The Cosmos have also seen a resurgence in striker Mads Stokkelien as he has now scored for the Cosmos in three of their last four matches. This past Saturday he scored just 38 seconds into the match. Queens, New York native Sebastian Guenzatti also scored again for the Cosmos when he received a brilliant pass from another Queens, NY native David Diosa. Danny Szetela however had the biggest goal in the match when he tucked the ball into the lower left hand corner of the net in the 84th minute to give the Cosmos the 3-2 lead that would stand as the final score.

ProstThe goals couldn’t have started flowing at a better time for the Cosmos as they are traveling to Carolina this weekend to play the Railhawks right after they toppled the league leading San Antonio Scorpions. The Cosmos have been unable to win in Carolina in their two matches there since their reboot. In fact they have failed to score any goals there as they were shutout 1-0 earlier this year and 3-0 last August during the Fall 2013 campaign. The task for Savarese is to turn those fortunes around this weekend.

“We know that Carolina gets stronger when they have to play the New York Cosmos,” he admitted.
“They have beaten us twice in Carolina exactly the same way. So we have to make sure that we are a little smarter and the more mature team and that they are not able to find their own balance when we attack. I think we have grown as a team so we have more resources going forward. I think it’s going to be a completely different match, at least from our standpoint going into this game right now.”

There is no question that if the Cosmos are to have success in Carolina they will expect Mads Stokkelien to rise to the occasion once again. Coach Savarese was quick to not only praise Stokkelien but also Danny Mwanga for their recent play.

“I think first of all when a striker gets his confidence back and strikers go on a streak of scoring goals, things always become better and easier.

“But I think also we have introduced Danny Mwanga into the linuep and he has helped us to be a more dangerous team and also for oppositions to focus on not just one player but now we have another player that teams now need to be aware of in the defensive area. I think also tactically there are some things that we have changed that I think have added some extra support to Mads and that allows him to be the player that we know he can be – which is more lethal around the box.  So we have seen him improve and become more confident so that he can score more goals.”

Confidence will be a vital component for the Cosmos if they are to finish the season on top. Of the last seven matches remaining for the Cosmos, the final three will be against the three teams that are currently ahead of them in the standings: Minnesota, Tampa Bay and San Antonio. Before that, the Cosmos would love to get as many of the twelve points that are up for grabs ahead of those three matches, starting this Saturday night against Carolina.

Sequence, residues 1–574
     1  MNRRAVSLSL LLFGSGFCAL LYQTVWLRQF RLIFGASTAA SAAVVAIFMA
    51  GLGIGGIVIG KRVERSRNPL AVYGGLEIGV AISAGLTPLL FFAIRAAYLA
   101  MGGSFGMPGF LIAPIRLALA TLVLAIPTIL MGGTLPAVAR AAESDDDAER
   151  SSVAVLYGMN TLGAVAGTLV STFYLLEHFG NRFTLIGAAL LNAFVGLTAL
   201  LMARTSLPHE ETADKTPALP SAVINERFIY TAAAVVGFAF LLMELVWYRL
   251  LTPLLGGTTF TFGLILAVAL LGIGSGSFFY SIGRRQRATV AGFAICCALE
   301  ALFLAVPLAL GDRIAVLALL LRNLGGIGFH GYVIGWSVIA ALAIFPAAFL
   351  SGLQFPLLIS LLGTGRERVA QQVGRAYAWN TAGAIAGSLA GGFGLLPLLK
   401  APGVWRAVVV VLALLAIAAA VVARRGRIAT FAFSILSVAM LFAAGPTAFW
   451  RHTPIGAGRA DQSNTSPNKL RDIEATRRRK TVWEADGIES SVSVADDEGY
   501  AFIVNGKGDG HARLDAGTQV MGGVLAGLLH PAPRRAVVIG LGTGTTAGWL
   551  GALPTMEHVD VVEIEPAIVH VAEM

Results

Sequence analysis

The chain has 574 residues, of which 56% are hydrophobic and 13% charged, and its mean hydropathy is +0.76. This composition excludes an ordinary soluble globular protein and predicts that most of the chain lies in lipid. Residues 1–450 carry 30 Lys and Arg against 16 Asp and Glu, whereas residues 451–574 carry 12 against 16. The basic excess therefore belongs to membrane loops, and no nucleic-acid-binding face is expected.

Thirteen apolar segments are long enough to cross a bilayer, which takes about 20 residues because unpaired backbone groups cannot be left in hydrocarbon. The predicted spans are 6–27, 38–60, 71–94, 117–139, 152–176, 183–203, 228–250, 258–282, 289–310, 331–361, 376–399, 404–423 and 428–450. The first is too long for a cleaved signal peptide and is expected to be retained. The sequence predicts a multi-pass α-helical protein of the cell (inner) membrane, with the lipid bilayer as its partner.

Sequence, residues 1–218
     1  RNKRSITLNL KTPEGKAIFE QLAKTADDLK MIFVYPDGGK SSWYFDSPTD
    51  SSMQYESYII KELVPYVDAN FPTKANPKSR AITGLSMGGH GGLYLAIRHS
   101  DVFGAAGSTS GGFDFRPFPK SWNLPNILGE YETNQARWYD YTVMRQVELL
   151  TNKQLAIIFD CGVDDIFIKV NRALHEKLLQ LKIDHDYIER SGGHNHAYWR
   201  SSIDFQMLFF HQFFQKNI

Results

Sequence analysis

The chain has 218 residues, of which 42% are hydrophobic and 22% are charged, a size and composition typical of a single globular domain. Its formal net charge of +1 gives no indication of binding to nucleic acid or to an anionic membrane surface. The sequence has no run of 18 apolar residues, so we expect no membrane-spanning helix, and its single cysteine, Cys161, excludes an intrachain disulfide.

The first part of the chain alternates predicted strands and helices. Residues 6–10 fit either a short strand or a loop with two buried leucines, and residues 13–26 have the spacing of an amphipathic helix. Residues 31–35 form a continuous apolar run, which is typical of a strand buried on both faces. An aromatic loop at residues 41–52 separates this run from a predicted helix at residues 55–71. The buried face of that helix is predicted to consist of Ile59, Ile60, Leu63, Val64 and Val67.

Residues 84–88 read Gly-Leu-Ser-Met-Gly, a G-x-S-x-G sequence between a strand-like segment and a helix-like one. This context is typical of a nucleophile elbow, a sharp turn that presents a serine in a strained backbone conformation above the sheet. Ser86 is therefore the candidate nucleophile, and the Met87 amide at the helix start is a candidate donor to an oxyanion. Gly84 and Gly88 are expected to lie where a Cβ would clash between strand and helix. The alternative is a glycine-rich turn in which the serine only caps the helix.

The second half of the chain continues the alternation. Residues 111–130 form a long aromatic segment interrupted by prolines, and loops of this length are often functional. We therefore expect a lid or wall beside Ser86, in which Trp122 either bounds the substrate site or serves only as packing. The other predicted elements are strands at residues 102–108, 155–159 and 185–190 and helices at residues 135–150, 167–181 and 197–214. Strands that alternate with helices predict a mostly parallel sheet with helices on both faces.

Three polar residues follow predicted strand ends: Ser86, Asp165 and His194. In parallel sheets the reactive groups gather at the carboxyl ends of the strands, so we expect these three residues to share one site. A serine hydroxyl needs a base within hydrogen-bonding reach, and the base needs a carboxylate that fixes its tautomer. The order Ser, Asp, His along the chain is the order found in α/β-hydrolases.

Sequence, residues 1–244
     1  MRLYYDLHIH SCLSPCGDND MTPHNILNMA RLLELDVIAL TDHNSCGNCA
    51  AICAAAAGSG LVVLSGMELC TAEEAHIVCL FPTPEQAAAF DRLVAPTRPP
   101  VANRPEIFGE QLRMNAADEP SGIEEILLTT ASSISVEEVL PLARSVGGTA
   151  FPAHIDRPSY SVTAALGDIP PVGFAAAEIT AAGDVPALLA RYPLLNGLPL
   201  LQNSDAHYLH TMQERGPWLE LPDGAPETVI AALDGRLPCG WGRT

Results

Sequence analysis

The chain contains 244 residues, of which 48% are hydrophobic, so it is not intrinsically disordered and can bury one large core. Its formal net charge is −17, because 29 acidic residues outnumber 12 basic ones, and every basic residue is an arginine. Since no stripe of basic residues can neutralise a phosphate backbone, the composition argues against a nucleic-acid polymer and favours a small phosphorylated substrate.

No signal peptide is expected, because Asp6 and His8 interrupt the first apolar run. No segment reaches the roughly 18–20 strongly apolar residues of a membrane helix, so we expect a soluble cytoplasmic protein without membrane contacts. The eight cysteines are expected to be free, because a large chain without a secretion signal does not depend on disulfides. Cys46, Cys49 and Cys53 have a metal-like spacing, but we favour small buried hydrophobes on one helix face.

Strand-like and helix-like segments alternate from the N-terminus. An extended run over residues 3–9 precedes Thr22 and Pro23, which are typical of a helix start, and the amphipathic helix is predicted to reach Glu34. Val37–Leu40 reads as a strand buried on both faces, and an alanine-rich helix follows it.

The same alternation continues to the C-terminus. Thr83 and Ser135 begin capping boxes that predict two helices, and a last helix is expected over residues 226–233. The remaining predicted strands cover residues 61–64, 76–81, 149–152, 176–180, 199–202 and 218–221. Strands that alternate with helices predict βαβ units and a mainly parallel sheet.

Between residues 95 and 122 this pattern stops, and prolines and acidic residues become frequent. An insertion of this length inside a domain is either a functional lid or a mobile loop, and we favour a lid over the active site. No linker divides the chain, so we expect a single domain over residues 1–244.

Cross Island Crew Tidbits:.
•    Jimmy Maurer, Ayoze and Andres Flores will all be back an available for the New York Cosmos this Saturday against the Carolina Railhawks. Maurer was unavailable last week due to a finger injury. Ayoze was unavailable last match due to yellow card accumulation. Flores returns to the Cosmos after playing with El Salvador in the Copa Centroamericana.

• The New York Red Bulls have recalled defender Connor Lade from his loan to the Cosmos. The Red Bulls have had numerous injuries and need Lade back for depth purposes as they will also be embarking on two CONCACAF Champions League matches (CCL). It is expected that after those two CCL matches, Lade will be returning to the Cosmos for the remainder of the season.

• The Cross Island Crew, will be hosting their regular viewing party at Prost Grill & Garten (652 Franklin Avenue, Garden City, NY) this Saturday (9/20_when the Cosmos battle the Carolina Railhawks. Beer and food specials will be available throughout the night.
• On Sunday September 28th there will be a special away viewing party at Prost Grill when the Cosmos take on FC Edmonton. Gametime is 4pm. Prior to the match however Cosmos COO Erik Stover along with Cosmos Director of Marketing Rafael Morffi will be hosting a Q&A session at Prost. Cosmos fans will have an opportunity to come on down and ask the Cosmos head honchos anything that might be on their mind. Q&A is expected to start at 3pm.

• Supporters Scarves are available Cross Island Crew Supporters Scarves are available for sale for $20. For information email crossislandcrew@gmail.com or visit www.crossislandcrew.com

College Soccer – The Bully Factor

stay-strong-and-stop-bullying-257x300By Pat Glodkowski

In a perfect college soccer world all we would have to deal with are the scores, the support, and passion that comes from the game. Unfortunately, in this world, even in the seemingly disconnected soccer world, we have to understand the existence of detrimental effects resulting from bullying.

Oftentimes, people treat soccer as a recluse  from the activities surrounding them in the real world. Soccer offers a place of escape for all, as the game ensnares its onlookers into a different atmosphere. Yet, that does not mean that we are shielded from all the evils that surround this small, temporary bubble that is lifted after the final whistle. Horrible things such as bullying often permeate, sadly, into the soccer life. Bullying is a serious matter that plagues this country, especially in the realm of education where students interact and often engage in bullying (knowingly or not). As students grow older, they tend to cast aside such acts. Some come to terms with the fact that it was a serious mistake to partake in bullying and have corrected their actions and mentality. Nonetheless, that process is more idealistic than realistic.